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By Monica E. Oss

I just got home from the LeadingAge Wisconsin Aging Services Conference in Green Bay, Wisconsin where there was a lively discussion of best practice innovation in my presentation, Meeting the Innovation Challenge In Long-Term Services & Supports. Innovation was top of mind for executives at the conference for several very familiar reasons—the declining margins in traditional fee-for-service reimbursement, the growing reach of health plans, and the changing consumer preference for, and use of, long-term services and supports.

For most executives, innovation is about long-term sustainability. The question: What are the service models that will result in the margins needed to sustain an organization’s mission in the future? I think that for any innovation to be successful within an organization, there are three critical requirements—that the innovation is integral to the organization’s future strategy, that the plan to take innovation from concept to reality is well-planned, and that the executive team has set the stage (in accountability, in structure, and in organizational culture) for scaling the innovation within their organization.

Regarding the first—innovation as an element in organizational strategy –any major innovation (as opposed to on-going data-driven process improvement) must be integrated into strategy. An innovation that isn’t a meaningful part of the organization’s future vision is an innovation that requires a second thought in terms of investment. Also, at a time when “change fatigue” is endemic in management teams, executives need to focus innovation initiatives. Fewer and faster is better than many and longer.

It is important to note that “innovation” can take many forms. There are innovations to improve the positioning of current services (whether integrating tech, repacking for health plans, or expanding to new markets); and there are innovations that involve new service line development (see New Service Line Development: The OPEN MINDS Step-By-Step Approach To Developing Innovative Programs, Meeting The Challenge Of New Service Lines, and Diversification & New Service Line Development).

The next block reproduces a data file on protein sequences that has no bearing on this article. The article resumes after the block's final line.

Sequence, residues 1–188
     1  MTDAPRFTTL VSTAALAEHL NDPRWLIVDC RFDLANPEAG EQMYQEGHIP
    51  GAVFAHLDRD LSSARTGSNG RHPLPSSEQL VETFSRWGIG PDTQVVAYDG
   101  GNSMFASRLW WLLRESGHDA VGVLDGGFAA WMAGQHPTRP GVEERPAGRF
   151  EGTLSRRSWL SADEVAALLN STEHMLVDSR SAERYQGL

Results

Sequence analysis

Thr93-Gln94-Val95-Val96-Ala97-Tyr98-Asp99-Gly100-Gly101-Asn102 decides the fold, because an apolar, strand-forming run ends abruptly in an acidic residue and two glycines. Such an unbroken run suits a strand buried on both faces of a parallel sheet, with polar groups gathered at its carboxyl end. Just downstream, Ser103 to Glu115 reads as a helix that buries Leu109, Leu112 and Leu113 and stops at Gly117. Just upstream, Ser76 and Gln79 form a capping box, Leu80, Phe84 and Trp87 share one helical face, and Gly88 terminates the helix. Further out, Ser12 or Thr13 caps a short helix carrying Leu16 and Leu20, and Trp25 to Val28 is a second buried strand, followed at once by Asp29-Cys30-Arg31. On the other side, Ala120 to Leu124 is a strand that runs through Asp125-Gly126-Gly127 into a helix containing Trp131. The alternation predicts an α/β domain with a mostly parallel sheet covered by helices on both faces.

There are also innovations that require strategic partnerships—which is particularly important when looking at long-term sustainability. This can take the form of a merger, an acquisition, a collaboration, an affiliation, or a joint venture. But when it comes to partnerships, executives need to keep the adage “form follows function” in mind. Don’t decide on the “what” until you answer the question of “why.” The structure of a partnership really doesn’t matter if, in the end, it doesn’t address the strategic or innovation issue at hand.

Last, but not least, we discussed strategy execution. The best strategy and best strategic implementation plan can be all for naught without great execution. In my experience working with provider organization executive teams, execution is where good strategy and great innovation go to die. First is the issue of accountability. Who is responsible for making the innovation happen and executing the implementation plan? This sounds simple, but the most common mistake is giving “responsibility” to someone who doesn’t have the bandwidth or the budget to make the innovation happen. Then there is structure. Does the innovation execution happen “within” a current operating unit of the organization? Is there a separate organization, or operating unit, or pilot site established to make this happen? And, if so, how does the “innovation” integrated into the overall operating structure in the long run?

The final piece of strategy execution is the culture issue. Most innovations that health and human service organizations need for sustainability right now demand significant change in organizational culture—from the executive suite to the field teams. Whether we’re talking about integrating technology in service delivery, managing performance risk, treat-to-target clinical service models, or improving consumer experience, these are not developments that happen without changing “how” team members work. And that demands transformational leadership in a complex environment.

Amid a turbulent market with many moving parts—from science, technology, demographics, policy, and practice—the “innovations” that health and human service organizations need to maintain their competitive advantage are more likely to be “bold new moves”, rather than “tweaks” to current services. For more on best practice innovation and new innovative initiatives in health and human services, check out these resources in the OPEN MINDS Industry Library:

  1. How To Create A Telebehavioral Health Strategy
  2. Five California Counties Approved To Launch Virtual Therapies Under Mental Health Service Act
  3. Solve The Problem, Gain A Partner
  4. The ‘Melting’ Value Chain
  5. For Successful ‘Integration’, It Takes Interoperability & Patience
  6. Unlikely Bedfellows
  7. Beacon Health Options Adds MDLIVE Behavioral Health Professionals To Its Provider Network
  8. CMS Planning To Fund 8 States To Develop Value-Based Contracts For ‘Integrated Care For Kids’ Model
  9. PHI Launches Home Health Rural Workforce Pilot In Minnesota & Wisconsin
  10. Geisinger & Merck Unveil EHR-Embedded Apps For Medication Management & Care Coordination

And for even more, Elite OPEN MINDS Circle members can join Stacy DiStefano, Chief Operating Officer, and OPEN MINDS Executive Account Lead Annie Medina for their web briefing, Do Something Different, “Differently” – A Specialist Provider Organization Guide To Building A New Strategy For Service Line Sustainability, on October 10 at 1:00 p.m. (EST).

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